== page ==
2022-08-11 5:19:27 PM  

flucto: Flushing It All Away: it should be running this fall.

Does that mean:

1. it will be easier to get to JFK from GCT? That would be ok.
2. People from Long Island will find it easier to get to CT? That would be... unfortunate.
3. If I'm really hammered I could get on the wrong train and find myself wandering around the five towns looking for a taxi to Fairfield?


1. If you insist on taking it to Jamaica, maybe.
2. If they don't want to drive, yes, but it'll cost a pretty penny.
3. The LIRR platforms are on a whole new level (like 10 stories deep). You'd have to want to go to Five Towns.
 
2022-08-11 6:09:03 PM  

flucto: This clearly needs to be done but I wish they'd simultaneously work on making the subways a little less, um, entertaining.... It's a lot easier to want to do your part when it doesn't involve being shaken down and generally accosted continuously.


Where is this happening to you?  I take the subway almost every day. I'm not being shaken down or accosted. Do you mean the people asking for money after a short sob story?
 
2022-08-11 6:13:10 PM  

FitzShivering: flucto: This clearly needs to be done but I wish they'd simultaneously work on making the subways a little less, um, entertaining.... It's a lot easier to want to do your part when it doesn't involve being shaken down and generally accosted continuously.

Where is this happening to you?  I take the subway almost every day. I'm not being shaken down or accosted. Do you mean the people asking for money after a short sob story?


The NQRW and the 123 are farking horrific. I also transfer at crackhead city, aka, Penn Station.

God damn. They need to move the gates to the top of the stairs instead of the bottom.
 
2022-08-11 6:14:25 PM  

Arkanaut: hissatsu: I somehow doubt they'll adopt a scheme under which they charge themselves a toll.

I think the point is not so much that they're charging themselves a toll but that they'd be fudging the revenue numbers by including something that's not really revenue.

Alley Rat: We don't have the infrastructure to handle the extra people on the subways. It doesn't help that we're building all these new apartment buildings adding people to the already strained subway system.

The whole point is that congestion pricing will raise revenues that will allow the MTA to cover the costs of capital spending.

Also, what do we do about the people that live in the zone that have cars? Do they get a perpetual free pass?

Do a lot of people living below 60th St own cars and drive them around during business hours? That seems to defeat the purpose of living there.

And parking. At least on the Upper East Side, it's hell and a half. Having the permanent restaurant outdoor seating on the streets doesn't help.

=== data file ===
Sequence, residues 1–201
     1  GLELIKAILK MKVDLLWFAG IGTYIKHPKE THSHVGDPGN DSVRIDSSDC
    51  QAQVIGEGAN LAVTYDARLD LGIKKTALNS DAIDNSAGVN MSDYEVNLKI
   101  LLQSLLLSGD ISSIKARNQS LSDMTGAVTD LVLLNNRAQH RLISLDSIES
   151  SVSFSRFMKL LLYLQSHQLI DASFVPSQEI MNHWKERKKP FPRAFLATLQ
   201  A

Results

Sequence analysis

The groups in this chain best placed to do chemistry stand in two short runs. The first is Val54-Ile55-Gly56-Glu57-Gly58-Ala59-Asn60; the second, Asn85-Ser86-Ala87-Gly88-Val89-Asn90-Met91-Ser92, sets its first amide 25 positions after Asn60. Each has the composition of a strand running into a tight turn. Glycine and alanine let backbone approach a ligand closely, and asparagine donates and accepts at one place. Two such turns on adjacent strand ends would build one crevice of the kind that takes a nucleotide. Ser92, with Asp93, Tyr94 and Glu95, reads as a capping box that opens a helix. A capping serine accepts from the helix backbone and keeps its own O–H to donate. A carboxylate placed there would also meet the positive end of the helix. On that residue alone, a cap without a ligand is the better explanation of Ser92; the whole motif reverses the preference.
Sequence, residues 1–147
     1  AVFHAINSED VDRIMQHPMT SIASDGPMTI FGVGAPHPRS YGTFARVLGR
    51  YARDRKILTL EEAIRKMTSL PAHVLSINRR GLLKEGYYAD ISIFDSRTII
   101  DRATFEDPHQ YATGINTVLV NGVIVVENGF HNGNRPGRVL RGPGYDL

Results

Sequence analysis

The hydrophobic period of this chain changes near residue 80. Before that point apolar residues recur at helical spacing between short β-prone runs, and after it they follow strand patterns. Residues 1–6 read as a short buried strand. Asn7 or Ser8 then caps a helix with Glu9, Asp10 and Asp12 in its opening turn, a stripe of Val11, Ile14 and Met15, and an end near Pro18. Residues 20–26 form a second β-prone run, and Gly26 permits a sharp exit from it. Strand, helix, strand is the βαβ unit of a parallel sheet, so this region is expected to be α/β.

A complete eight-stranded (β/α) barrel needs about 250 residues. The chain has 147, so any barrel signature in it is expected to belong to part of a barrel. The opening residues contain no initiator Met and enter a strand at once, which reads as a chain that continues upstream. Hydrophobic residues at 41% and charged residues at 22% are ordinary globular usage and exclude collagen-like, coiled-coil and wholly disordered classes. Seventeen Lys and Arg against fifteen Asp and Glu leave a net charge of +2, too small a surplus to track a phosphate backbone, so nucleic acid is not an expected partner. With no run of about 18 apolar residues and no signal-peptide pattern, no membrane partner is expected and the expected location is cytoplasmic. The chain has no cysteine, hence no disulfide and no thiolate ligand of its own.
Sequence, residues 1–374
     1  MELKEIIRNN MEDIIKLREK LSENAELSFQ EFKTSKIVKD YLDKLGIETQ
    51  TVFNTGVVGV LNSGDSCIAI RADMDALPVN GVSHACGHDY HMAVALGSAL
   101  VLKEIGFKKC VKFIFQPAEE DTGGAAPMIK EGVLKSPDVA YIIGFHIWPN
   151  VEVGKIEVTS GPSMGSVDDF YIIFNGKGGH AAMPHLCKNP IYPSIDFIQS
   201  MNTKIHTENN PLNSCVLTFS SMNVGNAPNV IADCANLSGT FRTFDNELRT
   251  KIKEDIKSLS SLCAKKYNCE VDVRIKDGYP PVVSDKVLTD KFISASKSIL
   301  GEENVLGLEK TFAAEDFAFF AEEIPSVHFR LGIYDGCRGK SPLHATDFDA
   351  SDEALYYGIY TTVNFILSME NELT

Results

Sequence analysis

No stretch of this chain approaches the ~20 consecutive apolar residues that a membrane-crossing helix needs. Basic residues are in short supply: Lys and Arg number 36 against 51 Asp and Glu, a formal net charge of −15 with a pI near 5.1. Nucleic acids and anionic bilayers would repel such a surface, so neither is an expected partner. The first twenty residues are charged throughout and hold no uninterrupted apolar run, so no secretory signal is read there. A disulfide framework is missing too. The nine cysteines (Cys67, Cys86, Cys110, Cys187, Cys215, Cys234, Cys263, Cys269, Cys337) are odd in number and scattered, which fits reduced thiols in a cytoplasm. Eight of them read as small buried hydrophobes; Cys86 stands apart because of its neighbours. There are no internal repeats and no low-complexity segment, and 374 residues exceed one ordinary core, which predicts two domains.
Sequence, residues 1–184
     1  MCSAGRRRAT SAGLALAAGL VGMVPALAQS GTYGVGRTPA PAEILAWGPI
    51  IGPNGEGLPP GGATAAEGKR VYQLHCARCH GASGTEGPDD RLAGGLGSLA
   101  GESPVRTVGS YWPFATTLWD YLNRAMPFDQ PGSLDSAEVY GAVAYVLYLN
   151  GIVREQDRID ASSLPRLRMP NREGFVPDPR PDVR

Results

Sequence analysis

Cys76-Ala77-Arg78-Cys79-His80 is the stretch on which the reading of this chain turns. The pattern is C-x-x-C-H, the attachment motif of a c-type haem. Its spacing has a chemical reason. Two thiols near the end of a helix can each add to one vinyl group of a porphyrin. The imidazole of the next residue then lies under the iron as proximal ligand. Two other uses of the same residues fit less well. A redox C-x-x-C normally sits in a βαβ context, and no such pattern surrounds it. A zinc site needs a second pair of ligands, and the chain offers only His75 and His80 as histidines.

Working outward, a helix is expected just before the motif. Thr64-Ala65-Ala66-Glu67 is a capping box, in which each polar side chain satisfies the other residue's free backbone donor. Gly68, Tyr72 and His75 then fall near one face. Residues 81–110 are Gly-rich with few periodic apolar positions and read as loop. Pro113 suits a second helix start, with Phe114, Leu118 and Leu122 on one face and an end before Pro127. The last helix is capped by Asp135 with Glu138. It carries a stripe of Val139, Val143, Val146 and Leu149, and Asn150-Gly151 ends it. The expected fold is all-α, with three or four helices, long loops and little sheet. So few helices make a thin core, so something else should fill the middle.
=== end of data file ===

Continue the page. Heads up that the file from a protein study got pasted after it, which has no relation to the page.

So your expectation is that people who are already driving into lower Manhattan and paying $70 a day to park their cars will be so deterred by the $23 a day congestion fee that they will go out of their way to circle around for half an hour on the Upper East Side hunting for a parking spot that's still 15-30 minutes away from their office?


It doesn't make any sense in general.  Excluding those with disabilities (which I believe, in at least one version of this, were not going to be charged), why would you regularly drive your car into Midtown or LES?  Why do you even have a car in NYC?  I had one here for a year or two and then realized the only time it was less of a hassle to use than not was when I was leaving the city to go somewhere else.

People complain about the MTA, but come on, it's glorious being able to get around with no car.
 
2022-08-11 6:18:33 PM  

Flushing It All Away: FitzShivering: flucto: This clearly needs to be done but I wish they'd simultaneously work on making the subways a little less, um, entertaining.... It's a lot easier to want to do your part when it doesn't involve being shaken down and generally accosted continuously.

Where is this happening to you?  I take the subway almost every day. I'm not being shaken down or accosted. Do you mean the people asking for money after a short sob story?

The NQRW and the 123 are farking horrific. I also transfer at crackhead city, aka, Penn Station.

God damn. They need to move the gates to the top of the stairs instead of the bottom.


Thanks. I'm very rarely on the 1-2-3 other than heading up to Harlem once a week. The only place I've seen something close to this was 125/Lex, which admittedly gets a bit wonky at 2 or 3 am.  But if it isn't that late, it's fine.

Figured it had to be regional.
 
2022-08-11 6:19:02 PM  

FitzShivering: Arkanaut: hissatsu: I somehow doubt they'll adopt a scheme under which they charge themselves a toll.

I think the point is not so much that they're charging themselves a toll but that they'd be fudging the revenue numbers by including something that's not really revenue.

Alley Rat: We don't have the infrastructure to handle the extra people on the subways. It doesn't help that we're building all these new apartment buildings adding people to the already strained subway system.

The whole point is that congestion pricing will raise revenues that will allow the MTA to cover the costs of capital spending.

Also, what do we do about the people that live in the zone that have cars? Do they get a perpetual free pass?

Do a lot of people living below 60th St own cars and drive them around during business hours? That seems to defeat the purpose of living there.

And parking. At least on the Upper East Side, it's hell and a half. Having the permanent restaurant outdoor seating on the streets doesn't help.

So your expectation is that people who are already driving into lower Manhattan and paying $70 a day to park their cars will be so deterred by the $23 a day congestion fee that they will go out of their way to circle around for half an hour on the Upper East Side hunting for a parking spot that's still 15-30 minutes away from their office?

It doesn't make any sense in general.  Excluding those with disabilities (which I believe, in at least one version of this, were not going to be charged), why would you regularly drive your car into Midtown or LES?  Why do you even have a car in NYC?  I had one here for a year or two and then realized the only time it was less of a hassle to use than not was when I was leaving the city to go somewhere else.